Trump Surprises with Election Win

As everyone has been made aware of by now, the Office of the President of the United States will be taken over by Donald J. Trump on January 20, 2016.  Michael R. Pence is the Vice President-Elect. Trump shocked the nation with a decisive 290-228 victory in term of electoral votes (only 270 were needed to win). Interestingly, the last two times a Republican candidate has won the presidential election they have lost the popular vote (Like Trump, George W. Bush lost the popular vote in 2004).  In 2016, Trump had 59,957,338 popular votes while Hillary Clinton had 60,274,974.


President-elect Donald J. Trump, with Vice President-elect Michael Pence, on election night.

What went wrong for Clinton

Clinton was heavily predicted to win the election so what went wrong?  First and foremost, Clinton’s support fell short from minorities. Compared to the numbers for President Obama, African-Americans, Asian-Americans, and Latinos were less enthusiastic for the Democratic candidate. Furthermore, more white Americans voted for Trump than they had for recent Republican presidential candidates.  According to Donald Trump, it was his performance in the second and third debates, the intensity of his rallies, his many speeches, and his “GREAT SUPPORTERS” (emphasis his own) that earned him his victory.

Clinton’s reaction

Hillary Clinton had a very gracious reaction to her election loss. She called to concede to Donald Trump early Wednesday Morning, just after Trump had given a victory speech in Manhattan. In the words of Trump, “She congratulated us, it’s about us, on our victory. And I congratulated her and her family on a very very hard fought campaign,”  Throughout an election filled with controversial, crude, and reprehensible actions toward each other, both parties showed each other respect at the end. Ironically, shortly before the election, Donald Trump said he may not accept the outcome of the election. It ends up being Clinton’s supporters who had trouble accepting the outcome.

In the days following the vote, protests erupted in several cities.  Thousands of people gathered in the streets of big cities such as Atlanta, Austin, Boston, Chicago, Denver, Philadelphia, Portland, Oregon; San Francisco, Seattle, and Washington.  Some protesters carried vulgar signs, and chanted, “He’s not my president, not today.”

Trump’s First Steps

Thursday after the election, President-elect Trump met with President Obama.  They spoke for an hour and a half, touching on many different topics such as foreign and domestic policy, and discussing the transition of power.  Trump said he felt “encouraged” by the “excellent” discussion.  President Obama stated that “It is no secret that the president-elect and I have some pretty significant differences…We are now all rooting for his success.”  Afterwards, Trump spoke to Speaker of the House Paul Ryan (R-WI), telling him that he would most quickly work towards reform of immigration, healthcare, and taxes.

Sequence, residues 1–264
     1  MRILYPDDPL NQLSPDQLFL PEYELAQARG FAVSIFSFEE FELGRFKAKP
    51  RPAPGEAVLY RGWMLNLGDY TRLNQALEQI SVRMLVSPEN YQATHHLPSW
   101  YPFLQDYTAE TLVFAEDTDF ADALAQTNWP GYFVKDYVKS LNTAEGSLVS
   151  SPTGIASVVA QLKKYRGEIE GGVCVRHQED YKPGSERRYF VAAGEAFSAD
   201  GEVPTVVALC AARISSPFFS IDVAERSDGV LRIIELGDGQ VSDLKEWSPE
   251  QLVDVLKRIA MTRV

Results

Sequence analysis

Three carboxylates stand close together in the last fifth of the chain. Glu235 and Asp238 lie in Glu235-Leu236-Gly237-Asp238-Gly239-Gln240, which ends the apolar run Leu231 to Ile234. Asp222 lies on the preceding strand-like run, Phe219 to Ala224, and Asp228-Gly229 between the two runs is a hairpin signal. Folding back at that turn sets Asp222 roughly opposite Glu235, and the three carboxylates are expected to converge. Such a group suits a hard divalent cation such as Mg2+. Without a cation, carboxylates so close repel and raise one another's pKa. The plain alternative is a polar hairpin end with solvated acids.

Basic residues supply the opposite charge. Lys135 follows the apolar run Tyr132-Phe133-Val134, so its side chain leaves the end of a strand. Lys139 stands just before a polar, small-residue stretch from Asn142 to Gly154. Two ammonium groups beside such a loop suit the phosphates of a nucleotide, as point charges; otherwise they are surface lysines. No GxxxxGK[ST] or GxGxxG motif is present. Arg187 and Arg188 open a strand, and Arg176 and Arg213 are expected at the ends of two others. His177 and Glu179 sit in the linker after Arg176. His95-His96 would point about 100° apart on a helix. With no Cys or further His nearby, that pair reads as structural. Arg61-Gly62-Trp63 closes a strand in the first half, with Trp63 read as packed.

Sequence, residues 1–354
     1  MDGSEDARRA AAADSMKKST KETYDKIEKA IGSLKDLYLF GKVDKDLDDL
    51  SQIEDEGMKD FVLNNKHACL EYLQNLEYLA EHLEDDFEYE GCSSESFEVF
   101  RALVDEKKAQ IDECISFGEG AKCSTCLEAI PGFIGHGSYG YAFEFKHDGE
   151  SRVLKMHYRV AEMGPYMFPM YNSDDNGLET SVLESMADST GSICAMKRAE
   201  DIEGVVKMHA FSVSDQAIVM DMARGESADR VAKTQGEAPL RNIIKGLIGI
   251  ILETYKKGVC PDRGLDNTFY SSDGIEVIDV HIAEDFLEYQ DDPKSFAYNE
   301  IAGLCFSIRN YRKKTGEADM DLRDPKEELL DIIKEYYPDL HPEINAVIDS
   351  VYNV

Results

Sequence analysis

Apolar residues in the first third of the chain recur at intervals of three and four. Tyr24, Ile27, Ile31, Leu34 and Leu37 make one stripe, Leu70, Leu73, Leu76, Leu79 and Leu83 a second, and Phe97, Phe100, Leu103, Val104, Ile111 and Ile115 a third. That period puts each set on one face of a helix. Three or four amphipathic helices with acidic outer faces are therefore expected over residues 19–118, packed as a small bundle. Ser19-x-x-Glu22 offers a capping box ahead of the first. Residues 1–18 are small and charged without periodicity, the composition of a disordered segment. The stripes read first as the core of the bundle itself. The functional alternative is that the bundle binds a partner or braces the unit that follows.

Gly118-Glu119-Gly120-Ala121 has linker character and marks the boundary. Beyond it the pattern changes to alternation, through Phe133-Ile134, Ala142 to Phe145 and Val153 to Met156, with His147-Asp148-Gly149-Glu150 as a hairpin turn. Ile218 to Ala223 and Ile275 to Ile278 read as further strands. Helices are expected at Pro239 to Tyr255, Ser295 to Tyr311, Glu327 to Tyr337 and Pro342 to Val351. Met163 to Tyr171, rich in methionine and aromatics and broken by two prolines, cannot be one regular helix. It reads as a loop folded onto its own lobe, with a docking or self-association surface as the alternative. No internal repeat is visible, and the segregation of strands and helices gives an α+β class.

A Sample of Reactions

Roxane Gay, a reporter for the New York Times, wrote an article titled “The Audacity of Hopelessness,” where she expressed her disapproval for the new president, and her disappointment with all Americans who allowed this result to happen.

For the Washington Post, Thabiti Anyabwile wrote an article called “Guess what? Donald Trump’s America is my America Too.” He describes how though he may not agree with all of Trump’s policies, it is his duty as an American to accept the outcome of the election and support Mr. Trump.

Prominent figures in the democratic party have not been so supportive of Mr. Trump. Bernie Sanders has said, “I will be damned if we’re going to go backwards and try to divide up this country again.” Sanders also criticized Trump, saying “Mr. Trump, you talked about being the champion of working families. Now produce. But we won’t accept racism, sexism or xenophobia.”

Many members of the GOP, however, support Mr. Trump. Even his former adversaries, such as Jeb Bush, have congratulated him on his win and wished him luck. Ben Carson also offered his congratulations, saying “We the People” have spoken.

Ted Cruz, one of Trump’s main adversaries in Republican primary has been extremely supportive and excited over the Trump win. He has said the election “affirms what we have long known, that Americans have resoundingly rejected the Obama-Clinton agenda of bigger government, intrusive regulation, executive overreach, and lawlessness that is killing innovation and jobs, squandering opportunity for working men and women, marginalizing our freedoms, and compromising our security.” Cruz is rumored to be on the short list for a number of prominent cabinet posts, including Attorney General. Regarding a job in the administration, Cruz demurred: “I am eager to help lead the fight in the Senate to pass the conservative agenda that President-elect Trump promised to the American people,” he said.


Story Archive

The Mirror was established in 1927
© 2015-2022 by the Staff of The Mirror
The Mirror's Policy Manual and Style Guide.
The Mirror is funded by gifts to the Northwood Fund. Thank you.

%d bloggers like this: